Politics & Government

Duncan bows out; GOP elects chair

WASHINGTON — Kentucky native Mike Duncan bowed out of a tough battle to retain chairmanship of the Republican National Committee — a move that led to the RNC electing former Maryland Lt. Gov. Michael Steele, an African-American, its new chairman on Friday.

Steele's selection as the RNC's first African-American chairman augurs a major effort to reach out to minority voters, an effort Duncan, a close ally of the Bush administration and Senate Minority Leader Mitch McConnell, struggled to broaden.

During Duncan's tenure, GOP presidential candidate John McCain got just 3 percent of the African-American vote in 2008, though he was running against Barack Obama, who became the nation's first black president.

Perhaps more telling was McCain's stumble among Hispanics, who voted more than two-to-one for Obama. In 2004, Republican George W. Bush, a former Texas governor who had made strong efforts to woo Hispanic voters, got 44 percent of that vote.

Duncan decided to step aside Friday as he noticed growing support behind Steele, one of two African-American candidates for the post. Duncan was among a crowded cast of competitors including Steele, Michigan Republican Party Chairman Saul Anuzis, South Carolina Republican Party Chairman Katon Dawson and former Tennessee chairman Chip Saltsman, who gave members a copy of a CD that included a song called Barack the Magic Negro during the holidays.

Duncan said that he was "appalled" by the song and Saltsman dropped out of the race before the 168 RNC members voted.

"I thought this would be good for the party and it has been," Duncan said of the spirited competition for the post.

Supporters wearing red campaign buttons looked crestfallen after the chairman bowed out of the race; many shied away from the press. Others were more forthright.

"There are some members who want change for change sake," Chris Taylor, Duncan's campaign spokesman, said before the final votes were cast.

Duncan did not publicly endorse a candidate after ending his own bid and he received applause as he took the podium and thanked those gathered for their support.

As the GOP regroups, the RNC chairmanship will take on heightened prominence, and Duncan fought to convince Republicans he could best represent change. Duncan's reputation as a behind-the-scenes workhorse with deep ties to the GOP's kingmakers earned him the nickname "Mr. Inside" and catapulted him to the ranks of Republican leadership.

A longtime Republican operative, Duncan help raise funds and elect Sen. Jim Bunning, former Kentucky Gov. Ernie Fletcher and every Republican president since Richard Nixon to office.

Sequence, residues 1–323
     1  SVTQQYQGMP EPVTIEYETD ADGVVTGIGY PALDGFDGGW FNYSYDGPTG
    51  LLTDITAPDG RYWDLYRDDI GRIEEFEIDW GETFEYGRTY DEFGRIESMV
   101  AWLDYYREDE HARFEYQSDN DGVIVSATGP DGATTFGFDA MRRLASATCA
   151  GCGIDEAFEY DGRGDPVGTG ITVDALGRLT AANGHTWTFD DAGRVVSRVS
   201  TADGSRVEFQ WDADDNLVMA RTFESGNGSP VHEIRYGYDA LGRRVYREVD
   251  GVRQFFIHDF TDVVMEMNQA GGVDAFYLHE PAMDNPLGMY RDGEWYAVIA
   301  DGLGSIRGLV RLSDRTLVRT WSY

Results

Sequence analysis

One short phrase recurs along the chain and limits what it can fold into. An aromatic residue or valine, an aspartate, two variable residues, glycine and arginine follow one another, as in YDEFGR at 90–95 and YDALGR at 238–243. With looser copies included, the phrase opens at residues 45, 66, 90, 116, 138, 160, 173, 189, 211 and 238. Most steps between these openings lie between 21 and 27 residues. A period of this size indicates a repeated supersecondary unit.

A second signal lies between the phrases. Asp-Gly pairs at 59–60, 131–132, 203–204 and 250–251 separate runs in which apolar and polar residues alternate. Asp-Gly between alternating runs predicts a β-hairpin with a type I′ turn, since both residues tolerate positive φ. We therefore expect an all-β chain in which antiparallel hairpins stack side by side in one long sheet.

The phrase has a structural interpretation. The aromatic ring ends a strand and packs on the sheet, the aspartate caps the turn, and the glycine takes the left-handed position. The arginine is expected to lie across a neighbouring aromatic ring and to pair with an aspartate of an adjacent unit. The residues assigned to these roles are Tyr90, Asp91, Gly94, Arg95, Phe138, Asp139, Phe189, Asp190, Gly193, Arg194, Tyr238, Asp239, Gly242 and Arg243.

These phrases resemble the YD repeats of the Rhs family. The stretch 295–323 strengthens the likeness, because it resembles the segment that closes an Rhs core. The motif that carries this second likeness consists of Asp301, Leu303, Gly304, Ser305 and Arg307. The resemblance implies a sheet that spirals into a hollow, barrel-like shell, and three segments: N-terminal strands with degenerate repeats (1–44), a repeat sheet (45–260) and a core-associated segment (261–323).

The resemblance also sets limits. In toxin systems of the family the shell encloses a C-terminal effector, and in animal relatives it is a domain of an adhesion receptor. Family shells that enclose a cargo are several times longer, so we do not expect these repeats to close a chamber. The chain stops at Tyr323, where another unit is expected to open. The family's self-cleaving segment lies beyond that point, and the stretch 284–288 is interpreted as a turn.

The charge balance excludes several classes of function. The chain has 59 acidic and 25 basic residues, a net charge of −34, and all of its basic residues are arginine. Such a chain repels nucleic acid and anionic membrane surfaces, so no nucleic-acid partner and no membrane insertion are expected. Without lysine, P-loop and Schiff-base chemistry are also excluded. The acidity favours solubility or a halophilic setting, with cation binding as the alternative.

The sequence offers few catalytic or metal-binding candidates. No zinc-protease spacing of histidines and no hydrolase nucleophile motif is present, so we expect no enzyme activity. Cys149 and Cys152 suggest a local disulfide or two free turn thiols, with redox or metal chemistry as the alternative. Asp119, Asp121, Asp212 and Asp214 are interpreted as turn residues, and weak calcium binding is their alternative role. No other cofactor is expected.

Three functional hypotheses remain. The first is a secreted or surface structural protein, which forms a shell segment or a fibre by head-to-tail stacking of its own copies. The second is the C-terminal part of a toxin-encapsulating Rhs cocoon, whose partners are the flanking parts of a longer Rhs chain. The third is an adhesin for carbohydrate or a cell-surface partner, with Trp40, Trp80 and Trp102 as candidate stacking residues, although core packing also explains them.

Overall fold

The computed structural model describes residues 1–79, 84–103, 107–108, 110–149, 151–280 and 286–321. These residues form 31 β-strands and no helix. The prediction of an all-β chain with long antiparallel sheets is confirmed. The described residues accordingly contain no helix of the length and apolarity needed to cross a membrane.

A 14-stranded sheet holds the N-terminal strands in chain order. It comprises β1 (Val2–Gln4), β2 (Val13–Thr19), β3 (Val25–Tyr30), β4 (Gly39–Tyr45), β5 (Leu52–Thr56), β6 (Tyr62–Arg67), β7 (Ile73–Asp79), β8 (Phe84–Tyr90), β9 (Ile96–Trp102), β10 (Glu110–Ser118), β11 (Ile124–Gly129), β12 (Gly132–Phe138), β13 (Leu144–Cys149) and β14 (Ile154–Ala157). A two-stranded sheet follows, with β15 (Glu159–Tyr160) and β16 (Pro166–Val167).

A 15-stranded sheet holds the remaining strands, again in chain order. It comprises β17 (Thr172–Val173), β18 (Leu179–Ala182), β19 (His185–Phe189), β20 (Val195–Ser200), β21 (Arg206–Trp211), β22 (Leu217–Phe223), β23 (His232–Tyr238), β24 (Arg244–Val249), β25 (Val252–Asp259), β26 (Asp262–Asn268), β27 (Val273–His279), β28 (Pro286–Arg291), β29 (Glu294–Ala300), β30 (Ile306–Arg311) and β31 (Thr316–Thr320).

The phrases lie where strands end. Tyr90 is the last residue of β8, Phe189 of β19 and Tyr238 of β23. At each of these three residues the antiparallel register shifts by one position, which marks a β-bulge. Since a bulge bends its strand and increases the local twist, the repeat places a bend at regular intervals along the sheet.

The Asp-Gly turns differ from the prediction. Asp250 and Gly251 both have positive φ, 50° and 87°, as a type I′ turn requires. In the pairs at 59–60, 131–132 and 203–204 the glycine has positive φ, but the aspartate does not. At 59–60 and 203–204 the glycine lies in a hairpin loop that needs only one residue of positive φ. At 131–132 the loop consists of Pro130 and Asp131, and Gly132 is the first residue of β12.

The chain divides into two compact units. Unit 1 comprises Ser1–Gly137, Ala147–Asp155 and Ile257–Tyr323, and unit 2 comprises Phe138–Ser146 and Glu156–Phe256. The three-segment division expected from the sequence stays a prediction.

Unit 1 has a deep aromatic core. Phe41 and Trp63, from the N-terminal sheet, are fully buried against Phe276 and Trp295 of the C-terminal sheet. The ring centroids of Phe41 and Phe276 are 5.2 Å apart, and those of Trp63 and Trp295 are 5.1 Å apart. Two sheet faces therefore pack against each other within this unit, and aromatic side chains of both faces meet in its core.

However, with the party in disarray after weathering two cycles of bruising election-year losses, Duncan found himself struggling to keep his RNC chairman position.

Over the past two elections, Republicans lost 13 Senate and 51 House seats. The party's base is shrinking as a percentage of the overall vote and Democratic voter registration is on the rise, McConnell warned RNC members earlier in the week.

The election of a new RNC chairman took place amid widespread debate about the direction of the party. The battle to head the RNC reflects ideological differences on who can best shepherd the party into a new era, said Ron Kaufman, a longtime political adviser to both former President George H.W. Bush and former presidential candidate Mitt Romney.

Kaufman said he also advised Duncan on how best to withdraw from the spirited RNC chairmanship race once it appeared he would not net the votes needed.

"Mike has always been a classy individual who cares about the committee," Kaufman said.

In selecting Steele, the party backed a self-styled moderate, who tried to appeal to black Democratic voters during his unsuccessful 2006 U.S. Senate bid. Steele campaigned with former Prince George's County Executive Wayne Curry and boxing promoter Don King.

In the RNC chairmanship race, Steele's closest competitor after several rounds of balloting was South Carolina's Dawson who hails from a state with an active conservative base.

After his selection, Steele promised that he would lead the party to victories again in the northeast, where there are no Democratic House members. He also vowed he would lead the party in a new direction, though he repeatedly acknowledged the party's conservative wing and pledged to meld those values with the RNC's renewed push to become more inclusive of other views and ethnic groups.

There is little room for divisiveness, he warned.

"To those who believe in the conservative principles that have made us what we are... it's time for something completely different," he said. "And for those who wish to obstruct, get ready to get knocked over."

Steele's selection also came a day after McConnell, the Republican Party's top elected official in Washington, called on members to broaden the party's appeal, noting that both rich and poor and most minority voters "no longer pay attention" to the party. On Friday, conservative talk radio and blogs were abuzz with criticism of McConnell's stance.

For African-American Republicans, Steele's election sends a strong signal that the party will do a better job of reaching out to minorities.

"In the 21st century, the Republican party realizes and America realizes that the party needs to change," said Johnnie Morgan, a member from Los Angeles.